What Not To Do When Purchasing a Home With a Loan

When buying a home, there can be unintentional mistakes made that can halt the purchasing process and loan process. These are common mistakes that can be easy to make, but they can cause you to lose out on the purchase of your dream and/or starter home. You’ll have to start the pre-approval process all over again, and may lose out on the house you wanted.


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Once your offer has been accepted on a home, please do not do any of these things during escrow.

  1. Don’t Miss Bill Payments
    Keeping your bills and loan repayments current is very important — lenders will re-check your credit score before finalizing the loan. Having payments in default is a huge red-flag to a lender. Also, any fees and money that you put towards purchasing this home may not be refunded.
    Please, just wait until the close of escrow. The lender is using information that you provided during pre-approval. If your new car payment was not a part of that, it can really throw a wrench into the funding of the mortgage.
  3. Do not Become “House Poor”
    You may be pre-approved for more than what you’re comfortable spending. Stick to what you’re comfortable paying a month for a loan payment. Don’t over-stretch yourself or your budget.
  4. Debt Consolidation
    This may sound like a good idea, but there can be hidden fees and variable interest rates within consolidation loans. Always read the fine print. Lenders like when clients have stability.
  5. Do Not Change Financial Institutions
    Hate your bank? I’m not a fan of mine either. But, when you are in the loan process, the lender is using information from current accounts that you provided. They want a stable banking history, so if you go to a new bank you will not be able to provide that. Wait until the close of escrow to switch banks.
  6. Do Not Move Money Around
    When you’re in the pre-approval process, lenders want current state of finances and will refer to that current state of finances until the close of escrow. If you move money around multiple accounts, you will have to provide a detailed explanation and accounting records. Save yourself the hassle and wait until escrow closes to move money around.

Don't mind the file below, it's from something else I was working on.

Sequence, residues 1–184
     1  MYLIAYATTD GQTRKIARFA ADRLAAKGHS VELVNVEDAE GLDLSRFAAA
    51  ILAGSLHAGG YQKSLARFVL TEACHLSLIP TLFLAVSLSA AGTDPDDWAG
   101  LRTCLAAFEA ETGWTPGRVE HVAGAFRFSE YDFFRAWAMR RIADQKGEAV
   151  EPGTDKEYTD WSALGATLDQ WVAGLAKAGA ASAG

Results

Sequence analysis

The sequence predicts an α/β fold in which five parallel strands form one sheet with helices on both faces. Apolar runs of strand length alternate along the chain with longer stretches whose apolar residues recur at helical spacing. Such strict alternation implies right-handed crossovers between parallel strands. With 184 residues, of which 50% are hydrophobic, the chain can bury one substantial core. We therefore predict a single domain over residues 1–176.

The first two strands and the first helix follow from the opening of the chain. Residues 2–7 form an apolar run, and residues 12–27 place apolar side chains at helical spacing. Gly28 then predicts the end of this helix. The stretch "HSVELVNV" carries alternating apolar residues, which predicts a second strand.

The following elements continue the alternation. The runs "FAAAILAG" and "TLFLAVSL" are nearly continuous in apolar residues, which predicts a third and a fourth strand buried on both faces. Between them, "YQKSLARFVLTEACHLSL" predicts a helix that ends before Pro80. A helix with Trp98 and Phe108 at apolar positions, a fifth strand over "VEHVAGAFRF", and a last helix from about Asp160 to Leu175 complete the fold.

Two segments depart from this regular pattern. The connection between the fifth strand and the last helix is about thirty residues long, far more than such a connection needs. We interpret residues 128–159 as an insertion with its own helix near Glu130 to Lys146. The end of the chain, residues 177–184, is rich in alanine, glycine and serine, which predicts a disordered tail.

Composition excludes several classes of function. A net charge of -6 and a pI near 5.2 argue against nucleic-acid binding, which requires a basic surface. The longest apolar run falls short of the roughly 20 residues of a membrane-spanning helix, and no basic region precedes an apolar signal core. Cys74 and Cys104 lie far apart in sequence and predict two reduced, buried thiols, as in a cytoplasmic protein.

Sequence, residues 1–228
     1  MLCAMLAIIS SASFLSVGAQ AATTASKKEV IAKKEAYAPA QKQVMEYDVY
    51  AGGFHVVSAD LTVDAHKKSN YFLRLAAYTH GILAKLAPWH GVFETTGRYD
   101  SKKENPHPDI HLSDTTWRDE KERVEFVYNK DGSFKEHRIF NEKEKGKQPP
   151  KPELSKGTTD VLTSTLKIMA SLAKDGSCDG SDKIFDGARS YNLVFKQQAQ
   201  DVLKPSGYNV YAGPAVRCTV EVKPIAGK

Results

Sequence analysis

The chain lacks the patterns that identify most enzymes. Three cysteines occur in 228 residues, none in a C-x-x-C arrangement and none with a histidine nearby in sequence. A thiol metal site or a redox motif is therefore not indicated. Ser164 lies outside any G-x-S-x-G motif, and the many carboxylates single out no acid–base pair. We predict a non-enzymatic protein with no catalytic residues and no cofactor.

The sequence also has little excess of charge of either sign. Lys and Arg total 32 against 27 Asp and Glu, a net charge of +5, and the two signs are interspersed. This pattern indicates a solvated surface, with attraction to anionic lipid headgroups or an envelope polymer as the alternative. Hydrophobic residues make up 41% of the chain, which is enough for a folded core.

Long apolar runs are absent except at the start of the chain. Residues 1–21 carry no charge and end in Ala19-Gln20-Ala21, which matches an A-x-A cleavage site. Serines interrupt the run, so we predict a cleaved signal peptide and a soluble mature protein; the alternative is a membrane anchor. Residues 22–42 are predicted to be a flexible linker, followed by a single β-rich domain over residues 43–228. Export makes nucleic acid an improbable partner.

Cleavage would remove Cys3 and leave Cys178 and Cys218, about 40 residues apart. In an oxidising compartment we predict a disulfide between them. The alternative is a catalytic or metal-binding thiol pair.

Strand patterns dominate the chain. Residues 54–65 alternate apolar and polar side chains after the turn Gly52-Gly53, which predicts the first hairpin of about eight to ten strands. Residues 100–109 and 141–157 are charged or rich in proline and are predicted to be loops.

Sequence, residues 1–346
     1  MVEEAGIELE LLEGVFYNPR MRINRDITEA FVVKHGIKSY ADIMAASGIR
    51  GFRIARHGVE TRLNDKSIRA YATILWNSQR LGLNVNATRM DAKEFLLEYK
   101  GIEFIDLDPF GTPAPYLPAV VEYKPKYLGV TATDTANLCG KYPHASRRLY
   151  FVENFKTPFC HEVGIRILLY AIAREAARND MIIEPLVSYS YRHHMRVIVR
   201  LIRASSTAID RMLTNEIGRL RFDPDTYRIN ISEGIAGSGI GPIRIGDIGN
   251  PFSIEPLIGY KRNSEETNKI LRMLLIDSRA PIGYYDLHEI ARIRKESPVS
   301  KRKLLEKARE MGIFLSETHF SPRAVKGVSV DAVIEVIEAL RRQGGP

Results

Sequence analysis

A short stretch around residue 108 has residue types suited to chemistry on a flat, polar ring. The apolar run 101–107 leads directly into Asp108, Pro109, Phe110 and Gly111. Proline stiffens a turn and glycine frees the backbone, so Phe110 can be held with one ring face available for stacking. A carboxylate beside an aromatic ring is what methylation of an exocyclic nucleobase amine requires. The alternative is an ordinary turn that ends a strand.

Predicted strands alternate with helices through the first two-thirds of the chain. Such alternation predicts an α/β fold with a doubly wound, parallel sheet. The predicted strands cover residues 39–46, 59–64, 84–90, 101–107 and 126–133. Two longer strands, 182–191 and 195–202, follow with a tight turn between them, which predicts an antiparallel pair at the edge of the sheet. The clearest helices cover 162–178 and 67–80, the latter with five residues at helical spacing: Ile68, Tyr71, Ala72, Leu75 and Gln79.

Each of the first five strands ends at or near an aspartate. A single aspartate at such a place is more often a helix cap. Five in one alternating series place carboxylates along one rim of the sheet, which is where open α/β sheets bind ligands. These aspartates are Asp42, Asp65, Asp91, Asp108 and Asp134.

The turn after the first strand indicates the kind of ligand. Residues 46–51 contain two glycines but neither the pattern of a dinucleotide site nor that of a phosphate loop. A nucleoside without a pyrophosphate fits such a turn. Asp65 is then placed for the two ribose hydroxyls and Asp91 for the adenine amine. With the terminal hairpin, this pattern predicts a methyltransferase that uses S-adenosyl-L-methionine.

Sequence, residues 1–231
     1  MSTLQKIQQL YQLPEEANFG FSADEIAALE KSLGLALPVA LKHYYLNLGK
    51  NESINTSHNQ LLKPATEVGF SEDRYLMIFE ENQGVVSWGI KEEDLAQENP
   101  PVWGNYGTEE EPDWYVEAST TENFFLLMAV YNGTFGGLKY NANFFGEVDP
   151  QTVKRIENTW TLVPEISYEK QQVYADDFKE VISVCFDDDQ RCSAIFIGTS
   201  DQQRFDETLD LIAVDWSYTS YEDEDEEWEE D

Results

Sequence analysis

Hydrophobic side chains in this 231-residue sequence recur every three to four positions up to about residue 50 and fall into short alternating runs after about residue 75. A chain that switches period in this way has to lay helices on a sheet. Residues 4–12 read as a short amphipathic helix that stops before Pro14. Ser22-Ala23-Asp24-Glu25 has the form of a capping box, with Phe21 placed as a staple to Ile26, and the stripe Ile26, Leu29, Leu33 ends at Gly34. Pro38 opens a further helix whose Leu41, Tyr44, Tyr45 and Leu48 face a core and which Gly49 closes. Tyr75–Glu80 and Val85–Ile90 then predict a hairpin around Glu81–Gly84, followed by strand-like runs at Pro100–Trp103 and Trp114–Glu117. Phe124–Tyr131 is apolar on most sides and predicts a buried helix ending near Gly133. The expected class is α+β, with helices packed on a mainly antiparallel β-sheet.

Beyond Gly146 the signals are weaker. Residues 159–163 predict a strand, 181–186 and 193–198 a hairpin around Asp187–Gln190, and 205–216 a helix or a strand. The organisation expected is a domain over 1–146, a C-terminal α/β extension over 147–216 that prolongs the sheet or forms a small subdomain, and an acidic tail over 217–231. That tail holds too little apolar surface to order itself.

7. Avoid New Credit Inquiries
    New Credit Inquiries can actually lower your credit score. It’s exciting purchasing a home and getting to buy furniture, decor, etc for it. But, if you’re already on the border between “Excellent” and “Good,” this can really hurt your chances of securing the loan and/or lower interest rate. This also affects your monthly debts–this can cause the lender to put the brakes on your loan. Wait until after the close of escrow to open new lines of credit or have credit inquiries preformed.
  8. Do not Switch Jobs or Quit your Job!
    The lender is using your Gross Income and stable monthly financial history to determine how much loan you can afford, and if they can count on you to make the mortgage payments. Lenders do call your employer for employment verification. If you switch jobs, that creates a message of instability to the lender. You may have another job lined-up and want to quit your current job to get a few weeks off–but this shows a period of NO INCOME to the lender. This can be a big deal and can cause the lender to not fund the mortgage.
  9. Don’t Overpay when Buying a House (unless you reallyreallyreally want the house and you have the extra funds)
    If you’re a first-time home buyer in a seller’s market, it can be disheartening to end up in a “bidding war.” But, if the home is appraised for less than the agreed offered price, you will be stuck with paying the difference; lenders will not fund beyond the appraised value. If you cannot get the home for the appraised value and do not have extra funds, it is best to move-on. If you stick with the contract, you will have to make up the difference between the agreed sales price and appraisal price.
  10. Do not Spend the Money you are going to use for Closing Costs
    Stay strong! You’re almost to the finish line! You’re almost a homeowner!

Ready to start your San Diego Home Search or have questions about Real Estate? Send me an e-mail by filling out the form below! Happy House Hunting!

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